It is nearly impossible to be fully prepared for the entire list of interview questions and answers that you’re about to face. Interview questions vary according to the types of industries, companies and even job positions available in Malaysia.
However, there are standard/common interview questions and answers for fresh graduates that you can expect to encounter during job interviews. These interview questions are universal in the sense that they’re bound to appear in most if not all interviews.
Are you ready for your upcoming job interviews? Let’s dive deeper into the popular interview questions and answers for fresh graduates.
How have you demonstrated leadership qualities at university?
This is known as a behavioural interview question (and comes in all shapes and sizes). The interviewer is encouraging you to use real-life examples of your own experience to see how you react and deal with different situations, in this case, taking the lead.
Consider group projects you’ve taken charge of while at university, as these are perfect examples of how you had to take the reins, make tough decisions and influence others in order to achieve success. For example:
“I was team leader for a four-week project at university. The role involved assessing my team’s skills and attributes and coming up with a plan that meant everyone involved had to do a task they were good at but also enjoyed. There were a few glitches along the way, but I’m glad it wasn’t all smooth sailing, otherwise I wouldn’t have learnt how to deal with issues such as team conflict, tight deadlines and being put on the spot when a decision had to be made.”
Are you a team player?
Of course, the answer is yes. But you need to explain how and why. For example:
“I like having the flexibility to handle projects alone as well as being part of a small or large team. I think the best part of teamwork is the inspiration element – there is always someone who has a great idea that you hadn’t thought of if you always worked solo.”
4. Describe a time where you disagreed with a coworker or teammate on a project. Disagreement is natural. The employer isn’t trying to assess your ability to debate, or even to know whether you’re right or wrong. What they want to know is at the end of the day, can you reach a consensus and move forward. Disagreement is good as long as it doesn’t prevent good work and progress from being made. Being able to resolve differences and move forward is a critical skill that all employers are looking for.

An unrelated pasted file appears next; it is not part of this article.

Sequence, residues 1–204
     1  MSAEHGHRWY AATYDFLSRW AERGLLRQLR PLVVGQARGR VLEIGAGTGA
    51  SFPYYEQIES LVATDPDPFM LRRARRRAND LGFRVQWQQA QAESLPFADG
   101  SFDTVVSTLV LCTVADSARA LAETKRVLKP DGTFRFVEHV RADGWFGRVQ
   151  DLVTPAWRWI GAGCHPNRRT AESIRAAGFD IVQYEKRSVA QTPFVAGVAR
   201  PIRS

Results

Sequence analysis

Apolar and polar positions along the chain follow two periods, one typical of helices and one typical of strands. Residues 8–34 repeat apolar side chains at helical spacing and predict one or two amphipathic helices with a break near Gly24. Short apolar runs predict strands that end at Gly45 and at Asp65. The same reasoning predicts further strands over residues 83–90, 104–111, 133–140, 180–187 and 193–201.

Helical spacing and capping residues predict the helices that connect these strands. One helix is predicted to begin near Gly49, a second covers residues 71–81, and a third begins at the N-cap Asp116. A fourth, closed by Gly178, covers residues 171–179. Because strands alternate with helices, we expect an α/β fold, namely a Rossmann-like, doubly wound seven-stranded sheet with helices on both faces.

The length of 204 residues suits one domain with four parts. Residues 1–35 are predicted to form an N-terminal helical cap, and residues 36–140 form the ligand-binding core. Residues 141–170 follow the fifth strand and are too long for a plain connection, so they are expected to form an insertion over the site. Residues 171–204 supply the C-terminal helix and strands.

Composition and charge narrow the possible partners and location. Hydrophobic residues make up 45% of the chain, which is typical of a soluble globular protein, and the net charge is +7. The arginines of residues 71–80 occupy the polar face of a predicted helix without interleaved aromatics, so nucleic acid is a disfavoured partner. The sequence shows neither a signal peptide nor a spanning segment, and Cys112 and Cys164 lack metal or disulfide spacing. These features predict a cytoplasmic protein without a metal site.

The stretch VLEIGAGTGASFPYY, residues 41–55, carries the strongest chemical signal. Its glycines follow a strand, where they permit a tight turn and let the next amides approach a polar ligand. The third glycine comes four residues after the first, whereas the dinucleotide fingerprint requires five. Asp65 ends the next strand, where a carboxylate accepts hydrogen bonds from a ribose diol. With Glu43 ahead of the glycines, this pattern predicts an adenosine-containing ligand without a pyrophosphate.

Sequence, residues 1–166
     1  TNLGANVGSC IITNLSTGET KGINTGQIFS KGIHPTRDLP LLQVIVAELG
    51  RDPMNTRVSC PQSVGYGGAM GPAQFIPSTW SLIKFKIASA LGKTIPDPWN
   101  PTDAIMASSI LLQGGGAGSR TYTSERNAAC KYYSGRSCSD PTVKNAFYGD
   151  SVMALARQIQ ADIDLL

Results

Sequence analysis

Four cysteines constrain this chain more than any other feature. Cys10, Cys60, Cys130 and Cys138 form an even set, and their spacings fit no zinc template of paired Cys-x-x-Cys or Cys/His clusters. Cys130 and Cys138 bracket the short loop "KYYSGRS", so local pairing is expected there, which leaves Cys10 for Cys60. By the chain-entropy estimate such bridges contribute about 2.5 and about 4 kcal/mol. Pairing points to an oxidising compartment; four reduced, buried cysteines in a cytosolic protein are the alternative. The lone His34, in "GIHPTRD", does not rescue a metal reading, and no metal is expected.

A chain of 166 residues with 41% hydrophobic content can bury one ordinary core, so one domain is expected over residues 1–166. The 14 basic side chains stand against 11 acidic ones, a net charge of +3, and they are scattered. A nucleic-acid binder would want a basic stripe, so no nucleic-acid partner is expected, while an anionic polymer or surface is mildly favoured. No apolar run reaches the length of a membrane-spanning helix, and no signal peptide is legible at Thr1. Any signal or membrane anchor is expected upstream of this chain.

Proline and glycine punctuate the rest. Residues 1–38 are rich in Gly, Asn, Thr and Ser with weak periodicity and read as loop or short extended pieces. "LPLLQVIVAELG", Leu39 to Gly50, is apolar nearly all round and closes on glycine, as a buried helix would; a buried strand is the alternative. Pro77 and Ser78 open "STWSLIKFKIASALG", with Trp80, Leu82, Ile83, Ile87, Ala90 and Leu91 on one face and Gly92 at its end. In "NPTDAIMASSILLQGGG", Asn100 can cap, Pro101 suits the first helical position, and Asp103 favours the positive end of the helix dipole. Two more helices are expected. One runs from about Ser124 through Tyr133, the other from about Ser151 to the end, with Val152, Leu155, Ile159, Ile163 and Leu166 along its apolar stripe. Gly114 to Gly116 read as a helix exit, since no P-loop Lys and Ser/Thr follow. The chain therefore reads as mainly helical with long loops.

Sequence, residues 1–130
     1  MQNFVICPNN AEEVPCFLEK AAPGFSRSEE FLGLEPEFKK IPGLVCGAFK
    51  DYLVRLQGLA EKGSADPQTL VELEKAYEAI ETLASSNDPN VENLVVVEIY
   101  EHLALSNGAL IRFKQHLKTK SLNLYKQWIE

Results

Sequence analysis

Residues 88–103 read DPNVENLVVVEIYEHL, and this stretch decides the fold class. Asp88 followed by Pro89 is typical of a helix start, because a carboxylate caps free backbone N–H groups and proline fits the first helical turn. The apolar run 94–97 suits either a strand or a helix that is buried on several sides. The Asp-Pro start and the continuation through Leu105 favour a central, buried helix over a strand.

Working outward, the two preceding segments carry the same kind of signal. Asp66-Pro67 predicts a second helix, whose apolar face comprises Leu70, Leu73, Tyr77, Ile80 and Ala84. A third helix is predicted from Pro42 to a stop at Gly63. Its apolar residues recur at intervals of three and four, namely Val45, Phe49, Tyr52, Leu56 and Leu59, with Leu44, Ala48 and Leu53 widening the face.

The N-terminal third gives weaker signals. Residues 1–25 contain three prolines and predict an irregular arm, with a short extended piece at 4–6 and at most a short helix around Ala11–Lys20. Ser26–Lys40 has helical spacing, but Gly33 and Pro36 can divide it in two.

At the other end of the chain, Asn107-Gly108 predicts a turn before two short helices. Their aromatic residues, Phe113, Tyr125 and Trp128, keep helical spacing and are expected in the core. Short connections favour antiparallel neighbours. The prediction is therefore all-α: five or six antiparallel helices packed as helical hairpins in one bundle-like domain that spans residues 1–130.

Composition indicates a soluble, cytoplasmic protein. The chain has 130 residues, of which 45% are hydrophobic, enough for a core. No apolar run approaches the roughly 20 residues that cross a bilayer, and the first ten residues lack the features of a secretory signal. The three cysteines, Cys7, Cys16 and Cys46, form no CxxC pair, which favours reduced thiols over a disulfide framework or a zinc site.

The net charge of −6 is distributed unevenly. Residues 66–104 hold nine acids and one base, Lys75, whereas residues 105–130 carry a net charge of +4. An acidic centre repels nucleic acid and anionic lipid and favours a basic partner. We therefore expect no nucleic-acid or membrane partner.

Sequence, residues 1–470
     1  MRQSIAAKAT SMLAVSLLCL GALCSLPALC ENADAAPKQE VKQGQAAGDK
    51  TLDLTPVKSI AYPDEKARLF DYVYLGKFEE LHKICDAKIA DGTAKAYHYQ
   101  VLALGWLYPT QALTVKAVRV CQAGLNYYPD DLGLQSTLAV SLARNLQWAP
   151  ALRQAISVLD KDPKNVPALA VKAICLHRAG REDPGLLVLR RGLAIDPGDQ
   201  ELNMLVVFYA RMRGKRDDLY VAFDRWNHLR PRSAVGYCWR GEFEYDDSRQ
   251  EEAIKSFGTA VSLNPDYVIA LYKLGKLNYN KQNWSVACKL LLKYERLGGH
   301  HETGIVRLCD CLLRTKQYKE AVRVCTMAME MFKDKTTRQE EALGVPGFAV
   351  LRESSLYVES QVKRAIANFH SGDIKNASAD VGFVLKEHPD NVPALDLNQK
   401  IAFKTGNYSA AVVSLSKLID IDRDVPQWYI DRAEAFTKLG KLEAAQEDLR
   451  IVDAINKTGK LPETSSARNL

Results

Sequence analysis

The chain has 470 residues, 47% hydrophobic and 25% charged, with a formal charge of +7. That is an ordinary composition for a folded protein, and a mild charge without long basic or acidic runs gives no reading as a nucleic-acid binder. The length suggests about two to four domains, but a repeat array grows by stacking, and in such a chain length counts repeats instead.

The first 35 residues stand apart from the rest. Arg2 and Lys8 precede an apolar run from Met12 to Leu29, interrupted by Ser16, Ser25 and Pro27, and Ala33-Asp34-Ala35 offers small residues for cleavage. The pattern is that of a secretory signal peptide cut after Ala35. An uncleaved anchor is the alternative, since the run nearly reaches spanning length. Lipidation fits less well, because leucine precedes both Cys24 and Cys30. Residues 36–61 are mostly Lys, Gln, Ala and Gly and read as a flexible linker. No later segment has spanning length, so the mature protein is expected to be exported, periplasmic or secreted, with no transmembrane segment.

We’ve compiled a list of the top 20 entry-level interview questions and answers to help you prepare to land your first job after. They fall into the following categories:
4. How would your past professors or managers describe you? It’s best to start answering this question with a clarification that you can’t known for certain how they would describe you. Start broad and cover as a whole how you think your previous supervisors or professors have viewed you. This is similar to the strengths and weaknesses question. Then, once you’ve stated broadly how you think you’re viewed, give a few specific examples. It’s best if you can demonstrate through examples (e.g. projects) why a professor or previous manager would say these things.
3. Describe a situation where you taught a concept to a co-worker or classmate. You’ve just spent a lot of time learning from professors and in groups, so you might not think of yourself as a teacher. However, the more knowledge you accumulate, the more likely it is that you’ll be teaching things in the future. It’s best to be specific if you can, and focus on an example from a group project at school or in a previous job. Focus primarily on how you communicated with the person and ensured that they were learning. Don’t focus so much on what you taught them, but rather on how you taught them.
5. Describe a situation in which someone critiqued your work. How did you respond? You’re (hopefully) going to get lots of feedback in any new job. How you take that feedback and what you do with it will often determine whether or not you keep the job. If you’re not willing to listen to feedback (even if you think it’s wrong) and attempt to address concerns, you likely won’t do well in many professional environments. To answer this question, try and find a situation where someone not only critiqued you, but a situation where you disagreed with that critique. Attempt to demonstrate how you still listened to the critique, voiced your own opinion, and did your best to understand where the critiquer was coming from. Show that you have the capacity to listen and change your behavior.